Tuesday, 28 May 2013

in flagrante delicto

I've always wanted to write in flagrante delicto, because it sounds so deliciously bad. And this very day my dog, Penny, gave me the chance to legitimately use the phrase. (She was only eating stinky compost in the garden - not the other activity we think of when we use this phrase.)

It means literally, in Latin, while the crime was blazing, and Merriam Webster gives the first known use as 1772. I wonder what someone did in that year to cause the creation of this great expression. Maybe went around setting haystacks on fire?

The Macquarie defines this meaning as the transgression blazing.

I guess the nearest English expression would be red handed. But I couldn't use that for my dog, so the nearest canine equivalent might be black-mouthed.

Tuesday, 21 May 2013

why is this plant called kangaroo apple?

I posted a photo of what I call a kangaroo apple, on my other blog.

Mary added a comment questioning the origin of the name.

Bushranger says the name might be used because the leaves resemble the footprint of a kangaroo. But in my photo the leaves don't look like that.

However, recently I saw a small seedling at Marysville, and the little plantlet did have leaves that look like pawprints.

Tuesday, 14 May 2013

concision in fiction

An article on AVClub in January introduced me to a new word - concision. In defence of short story writing as a stand-alone career (asserting the right of authors to not write novels), Kevin McFarland said: 'There is nothing wrong with concision in fiction.'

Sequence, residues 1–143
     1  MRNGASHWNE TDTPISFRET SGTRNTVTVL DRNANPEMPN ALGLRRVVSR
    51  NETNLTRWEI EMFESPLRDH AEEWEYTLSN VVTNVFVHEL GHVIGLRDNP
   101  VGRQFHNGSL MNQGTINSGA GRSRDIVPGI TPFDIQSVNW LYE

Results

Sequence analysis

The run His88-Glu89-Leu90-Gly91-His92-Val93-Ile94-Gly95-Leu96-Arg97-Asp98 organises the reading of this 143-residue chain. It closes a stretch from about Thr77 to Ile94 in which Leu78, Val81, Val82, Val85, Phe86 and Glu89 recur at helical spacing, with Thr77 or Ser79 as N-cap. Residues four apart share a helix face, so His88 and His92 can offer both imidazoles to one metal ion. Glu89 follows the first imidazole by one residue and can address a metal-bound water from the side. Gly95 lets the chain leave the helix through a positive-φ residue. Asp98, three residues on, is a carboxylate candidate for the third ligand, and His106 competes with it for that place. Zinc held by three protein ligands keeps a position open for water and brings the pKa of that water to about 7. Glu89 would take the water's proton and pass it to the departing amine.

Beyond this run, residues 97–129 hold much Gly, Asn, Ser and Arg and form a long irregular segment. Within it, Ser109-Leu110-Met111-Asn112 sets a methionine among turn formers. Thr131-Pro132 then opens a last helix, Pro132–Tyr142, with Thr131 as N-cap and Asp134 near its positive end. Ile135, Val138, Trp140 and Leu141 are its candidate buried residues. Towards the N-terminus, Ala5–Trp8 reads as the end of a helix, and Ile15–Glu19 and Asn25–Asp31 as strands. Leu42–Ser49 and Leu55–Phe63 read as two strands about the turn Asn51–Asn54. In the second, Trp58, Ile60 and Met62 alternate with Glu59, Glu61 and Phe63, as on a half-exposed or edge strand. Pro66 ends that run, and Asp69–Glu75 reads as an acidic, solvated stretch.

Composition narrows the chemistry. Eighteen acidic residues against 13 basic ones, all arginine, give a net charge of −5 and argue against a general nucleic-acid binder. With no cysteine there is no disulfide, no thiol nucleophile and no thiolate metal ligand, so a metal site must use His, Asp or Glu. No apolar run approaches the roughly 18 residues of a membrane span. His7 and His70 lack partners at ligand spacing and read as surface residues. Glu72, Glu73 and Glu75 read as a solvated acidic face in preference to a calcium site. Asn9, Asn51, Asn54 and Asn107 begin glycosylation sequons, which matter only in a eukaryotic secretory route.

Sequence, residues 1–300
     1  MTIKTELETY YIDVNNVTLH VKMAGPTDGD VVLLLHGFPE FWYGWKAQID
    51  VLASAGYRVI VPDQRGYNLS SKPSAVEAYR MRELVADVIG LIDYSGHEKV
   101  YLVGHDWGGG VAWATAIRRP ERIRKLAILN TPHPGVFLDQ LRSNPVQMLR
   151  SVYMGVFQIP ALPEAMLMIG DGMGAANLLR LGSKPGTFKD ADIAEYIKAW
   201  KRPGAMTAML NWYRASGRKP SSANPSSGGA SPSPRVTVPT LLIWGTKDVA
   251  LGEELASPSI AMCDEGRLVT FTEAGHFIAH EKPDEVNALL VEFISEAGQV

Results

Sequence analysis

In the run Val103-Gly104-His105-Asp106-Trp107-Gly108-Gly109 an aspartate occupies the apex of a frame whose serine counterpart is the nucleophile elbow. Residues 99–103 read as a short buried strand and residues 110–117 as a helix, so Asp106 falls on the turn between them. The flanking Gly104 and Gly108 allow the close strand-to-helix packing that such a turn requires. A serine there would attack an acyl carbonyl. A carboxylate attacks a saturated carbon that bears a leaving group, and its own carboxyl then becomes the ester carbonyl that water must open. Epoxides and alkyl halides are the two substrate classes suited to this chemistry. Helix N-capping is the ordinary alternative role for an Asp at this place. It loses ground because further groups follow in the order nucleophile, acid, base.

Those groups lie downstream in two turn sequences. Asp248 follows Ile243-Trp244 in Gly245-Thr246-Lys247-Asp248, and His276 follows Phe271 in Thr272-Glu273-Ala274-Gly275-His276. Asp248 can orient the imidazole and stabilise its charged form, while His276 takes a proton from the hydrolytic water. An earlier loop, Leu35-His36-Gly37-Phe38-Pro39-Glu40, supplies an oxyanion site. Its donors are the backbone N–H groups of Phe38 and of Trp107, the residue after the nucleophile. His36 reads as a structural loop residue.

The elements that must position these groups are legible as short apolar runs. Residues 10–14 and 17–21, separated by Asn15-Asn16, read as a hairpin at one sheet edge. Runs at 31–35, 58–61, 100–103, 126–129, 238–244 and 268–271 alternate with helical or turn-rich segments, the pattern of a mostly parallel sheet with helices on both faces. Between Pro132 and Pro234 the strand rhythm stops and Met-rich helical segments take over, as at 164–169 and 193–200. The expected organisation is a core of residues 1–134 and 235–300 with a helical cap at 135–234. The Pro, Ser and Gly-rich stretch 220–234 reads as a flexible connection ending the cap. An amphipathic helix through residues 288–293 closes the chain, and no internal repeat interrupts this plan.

When I read this word, I knew it meant the writing was concise, but I had thought the noun for this concept was  conciseness

The Australian Macquarie Dictionary defines conciseness as 'the quality of being concise' and concision as  'concise quality; brevity; terseness'. So I guess I can add this new word to my vocabulary as a synonym for the word I already knew. 

WordReference Forums, which appears to be north-American based, has a discussion of these two words, and the consensus seems to be that conciseness is the more usual term, with concision seeming pretentious and somewhat old-fashioned. One interesting comment is that concision implies an action (like words such as decision, incision, division), while conciseness implies a quality.

Monday, 13 May 2013

purchasing single stories online

After I read Mike Carey's wonderful short story, Iphigenia in Aulis, in An Apple for the Creature, I searched around the internet, hoping I could download it as a single story and have it to re-read anytime I liked. But, alas, I wasn't successful in the search. It was one of those stories where you read the last word and sit in a moment of thoughtful silence, before flicking back through the pages to enjoy the highlights once more.

It was in the running for Best Short Story in The Edgars  this year, but didn't win. I will have to search out the winning story, because it must have been something special to beat Carey's tale.

However, I have come across another interesting site, called alfiedog, where you can buy single stories for a few cents. I think this is a site worth revisiting, because I certainly enjoyed the first story I purchased.

Wednesday, 1 May 2013

a house full of ungrammatical products

I'm sure we will get good use out of our new flexible silicone draining net...

But it's a fact that my purchase was influenced by the great example of language change on the back.

This new product can join the fascinating 'Frying Dragon' lock that I also couldn't resist buying.

It's hard to read about the drainer with the packet sideways, so here it is the right way up.

Yes, there it is again - 'then' instead of 'than'. 

It's winning!